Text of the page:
Poplar Bluff, Missouri
A proactive city
Business View Magazine interviews Steve Halter of the Greater Poplar Bluff Area Chamber of Commerce, as part of our focus on best practices of American cities.
Situated in Southeast Missouri, midway between St. Louis and Memphis, Tennessee, Poplar Bluff is a small city in Butler County. The earliest permanent settlements in the area occurred in the early 19th century along the Natchitoches Trail, an old Native American Trail, west of what is now Poplar Bluff on Ten Mile Creek and Cane Creek. Butler County was organized in 1849 and Poplar Bluff was chosen as the county seat. The city took its name from a bluff that overlooks the Black River; when first settled, the bluff was covered with tulip poplar trees. In 1855, the first courthouse was built in Poplar Bluff and the town grew. It incorporated as a city on February 9, 1870.
Today, Poplar Bluff is home to about 17,000 people, and according to Steve Halter, President of the Greater Poplar Bluff Area Chamber of Commerce and head of Poplar Bluff Industries, the economic and industrial development arm of the Chamber, contracted by the city and the county to perform economic development duties, it’s a community that “does not sit back and wait for the state or the federal government to do things for us; we take a proactive stance.”
Recently, Business View Magazine spoke to Halter to find out about some of the recent and ongoing economic development projects in Poplar Bluff, which was listed by Site Selection Magazine as one of the top 100 micropolitans in the United States in 2019. The following is an edited transcript of that conversation.
BVM: What are some of the major initiatives that you and your municipal partners have accomplished recently?
Halter: “Two years ago, we took a piece of property, a rough greenfield site, and we invested funding to get the site leveled, cleared, and certified by the State of Missouri’s Department of Economic Development. We marketed that site and successfully recruited Empire Comfort Systems, a fireplace insert manufacturer. We entered into an agreement where we would build them a building and then offer a long-term lease to them with a buyout option. So, they agreed to come. We built them a 140,000-sq.-ft. facility, designed on land where they have the ability to double that capacity, which, I believe, they’ll probably do in the next few years. The building started construction in January 2019, and they opened in August 2019, which is pretty remarkable, because it was just June 2018 when we recruited them. Since then, they have acquired Primo Grills, which produces ceramic grills, and they’re bringing that production to Poplar Bluff, as well, in late 2020. So, they’re going to spend in excess of $10 million and have committed to over 100 jobs, but long-term, it will probably a lot more than that.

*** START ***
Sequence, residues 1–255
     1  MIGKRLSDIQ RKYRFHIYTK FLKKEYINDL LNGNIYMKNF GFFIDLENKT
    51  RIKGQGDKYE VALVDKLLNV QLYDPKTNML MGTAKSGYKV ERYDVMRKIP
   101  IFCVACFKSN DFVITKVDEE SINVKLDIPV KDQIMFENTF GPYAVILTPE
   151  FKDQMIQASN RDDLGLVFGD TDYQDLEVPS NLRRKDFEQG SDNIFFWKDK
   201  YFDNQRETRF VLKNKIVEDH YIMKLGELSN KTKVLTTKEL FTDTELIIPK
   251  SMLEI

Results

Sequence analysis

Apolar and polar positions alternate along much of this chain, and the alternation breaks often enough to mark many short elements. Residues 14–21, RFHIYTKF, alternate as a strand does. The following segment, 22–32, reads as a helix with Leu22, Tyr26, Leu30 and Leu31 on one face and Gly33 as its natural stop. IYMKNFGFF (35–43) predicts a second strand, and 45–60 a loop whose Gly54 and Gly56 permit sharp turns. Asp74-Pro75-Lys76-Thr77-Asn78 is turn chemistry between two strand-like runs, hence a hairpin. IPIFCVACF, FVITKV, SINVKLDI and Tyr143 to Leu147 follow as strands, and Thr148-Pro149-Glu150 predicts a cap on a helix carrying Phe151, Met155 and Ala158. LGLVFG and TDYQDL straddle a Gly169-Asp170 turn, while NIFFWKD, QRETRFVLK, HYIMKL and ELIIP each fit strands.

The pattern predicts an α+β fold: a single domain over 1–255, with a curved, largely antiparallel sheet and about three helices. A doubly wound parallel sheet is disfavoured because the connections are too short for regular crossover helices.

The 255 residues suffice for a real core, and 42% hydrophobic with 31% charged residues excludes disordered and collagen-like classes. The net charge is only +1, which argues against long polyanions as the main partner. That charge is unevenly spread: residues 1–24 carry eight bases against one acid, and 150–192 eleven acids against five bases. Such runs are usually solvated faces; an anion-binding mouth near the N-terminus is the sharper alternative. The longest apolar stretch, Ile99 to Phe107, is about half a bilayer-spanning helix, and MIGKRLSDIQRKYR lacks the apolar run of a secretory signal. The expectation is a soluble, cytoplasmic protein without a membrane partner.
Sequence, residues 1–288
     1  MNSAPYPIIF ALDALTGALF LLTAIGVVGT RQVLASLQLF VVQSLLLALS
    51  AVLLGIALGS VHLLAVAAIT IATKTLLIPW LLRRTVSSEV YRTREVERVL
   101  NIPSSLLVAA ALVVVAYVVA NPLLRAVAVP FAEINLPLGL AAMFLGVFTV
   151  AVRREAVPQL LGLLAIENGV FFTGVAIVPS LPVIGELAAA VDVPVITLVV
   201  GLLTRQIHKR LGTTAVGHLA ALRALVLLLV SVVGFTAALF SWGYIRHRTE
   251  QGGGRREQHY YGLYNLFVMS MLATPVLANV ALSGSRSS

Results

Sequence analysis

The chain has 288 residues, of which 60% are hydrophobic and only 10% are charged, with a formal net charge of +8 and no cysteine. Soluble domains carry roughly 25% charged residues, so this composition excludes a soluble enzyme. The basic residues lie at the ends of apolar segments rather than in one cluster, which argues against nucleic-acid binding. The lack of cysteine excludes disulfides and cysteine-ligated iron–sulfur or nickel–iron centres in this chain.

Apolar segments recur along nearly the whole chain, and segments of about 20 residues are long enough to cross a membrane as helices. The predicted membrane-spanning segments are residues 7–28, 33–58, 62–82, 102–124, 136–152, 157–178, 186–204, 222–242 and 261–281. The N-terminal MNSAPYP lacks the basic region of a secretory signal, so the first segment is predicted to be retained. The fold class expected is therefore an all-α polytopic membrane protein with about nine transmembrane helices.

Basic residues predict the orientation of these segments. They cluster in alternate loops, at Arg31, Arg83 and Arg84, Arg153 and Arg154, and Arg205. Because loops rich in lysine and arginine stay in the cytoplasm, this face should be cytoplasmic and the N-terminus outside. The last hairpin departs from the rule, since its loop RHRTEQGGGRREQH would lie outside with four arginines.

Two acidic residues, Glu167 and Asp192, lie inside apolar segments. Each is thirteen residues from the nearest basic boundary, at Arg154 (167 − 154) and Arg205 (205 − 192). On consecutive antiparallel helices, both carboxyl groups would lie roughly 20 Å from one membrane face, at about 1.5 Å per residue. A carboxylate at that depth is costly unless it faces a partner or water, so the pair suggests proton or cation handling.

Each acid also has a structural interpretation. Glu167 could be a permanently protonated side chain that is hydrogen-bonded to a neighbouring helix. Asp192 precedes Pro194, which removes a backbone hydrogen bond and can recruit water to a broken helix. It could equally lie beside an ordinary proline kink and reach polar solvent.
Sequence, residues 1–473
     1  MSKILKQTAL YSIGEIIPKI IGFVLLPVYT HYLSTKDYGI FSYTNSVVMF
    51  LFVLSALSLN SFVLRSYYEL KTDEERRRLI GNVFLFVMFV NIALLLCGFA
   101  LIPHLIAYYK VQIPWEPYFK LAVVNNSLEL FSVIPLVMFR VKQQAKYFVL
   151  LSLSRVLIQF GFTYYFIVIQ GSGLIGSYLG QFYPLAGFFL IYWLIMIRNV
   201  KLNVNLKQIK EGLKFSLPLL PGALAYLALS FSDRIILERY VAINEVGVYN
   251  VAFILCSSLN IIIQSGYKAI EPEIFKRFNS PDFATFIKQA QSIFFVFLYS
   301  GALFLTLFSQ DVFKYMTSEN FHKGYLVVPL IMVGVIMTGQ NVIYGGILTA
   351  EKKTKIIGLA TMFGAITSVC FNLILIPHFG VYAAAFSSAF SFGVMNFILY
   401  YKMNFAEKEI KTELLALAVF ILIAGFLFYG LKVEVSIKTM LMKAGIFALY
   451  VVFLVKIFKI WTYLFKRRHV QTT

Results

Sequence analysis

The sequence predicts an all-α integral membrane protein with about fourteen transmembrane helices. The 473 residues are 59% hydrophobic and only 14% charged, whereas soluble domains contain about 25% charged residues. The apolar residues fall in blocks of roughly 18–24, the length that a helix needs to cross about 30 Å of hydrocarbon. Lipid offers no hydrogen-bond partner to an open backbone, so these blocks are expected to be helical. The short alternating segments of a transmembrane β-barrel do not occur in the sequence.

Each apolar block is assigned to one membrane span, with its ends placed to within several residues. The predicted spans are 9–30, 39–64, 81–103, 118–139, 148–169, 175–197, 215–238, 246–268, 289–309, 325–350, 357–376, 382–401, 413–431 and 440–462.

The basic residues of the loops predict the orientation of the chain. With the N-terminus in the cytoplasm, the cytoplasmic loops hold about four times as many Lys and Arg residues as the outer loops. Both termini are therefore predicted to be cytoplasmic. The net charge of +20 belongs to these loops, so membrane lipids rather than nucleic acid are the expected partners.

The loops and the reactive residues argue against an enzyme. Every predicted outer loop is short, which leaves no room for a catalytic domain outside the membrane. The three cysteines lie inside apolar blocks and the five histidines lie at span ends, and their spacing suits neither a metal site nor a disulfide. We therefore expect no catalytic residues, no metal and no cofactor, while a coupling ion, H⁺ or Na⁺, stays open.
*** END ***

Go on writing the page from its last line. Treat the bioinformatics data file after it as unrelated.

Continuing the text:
“In 2019, Briggs and Stratton had a decision to make on closing their facility in Murray, Kentucky or closing the one in Poplar Bluff. Whichever one they closed, all the jobs would go to the other facility. Through the retention/recruiting efforts between ourselves, the City of Poplar Bluff, the Butler County Commission, the utility companies, and the State Department of Economic Development, we were able to get that project awarded to Poplar Bluff, which will mean, in two years, about 350 jobs and over $15 million in capital expenditure. So, we’re really excited about the difference that’s going to make for Poplar Bluff. Also, New Wave Communications added a call center to their operation, recently, with an additional 75 jobs.”
BVM: What makes Poplar Bluff attractive to these and other prospective businesses?
Halter: “We’re an ACT Work Ready-certified community. We’re only the second county in the State of Missouri to be ACT Work Ready-certified. We’ve got an essential skills program called Gateway to Jobs; we work with our local high school to help those students, because we all know how important workforce skills are to economic development.”
(Work Ready Communities (WRC) is a national effort, led by ACT, to provide a framework for states, regions, and communities to build an economic-development, community-based approach grounded in certifying counties as Work Ready. ACT awards this certification when counties achieve goals, based on common criteria, of individuals in the workforce earning an ACT WorkKeys National Career Readiness Certificate and businesses recognizing or recommending the ACT WorkKeys NCRC. The ACT, originally an abbreviation of American College Testing, is a standardized test used for college admissions in the United States. It is currently administered by ACT, the nonprofit organization of the same name. The ACT test covers four academic skill areas: English, mathematics, reading, and science reasoning.)
“Also, within the last few years, we passed a school bond issue, which allowed all of our schools to be safer and to be renovated. We now have a beautiful new high school campus with new sports facilities and new STEM buildings. It just looks great. Three Rivers College has also adding many new facilities including the Libla Family Sports Complex, which was funded, mainly, from local donations.”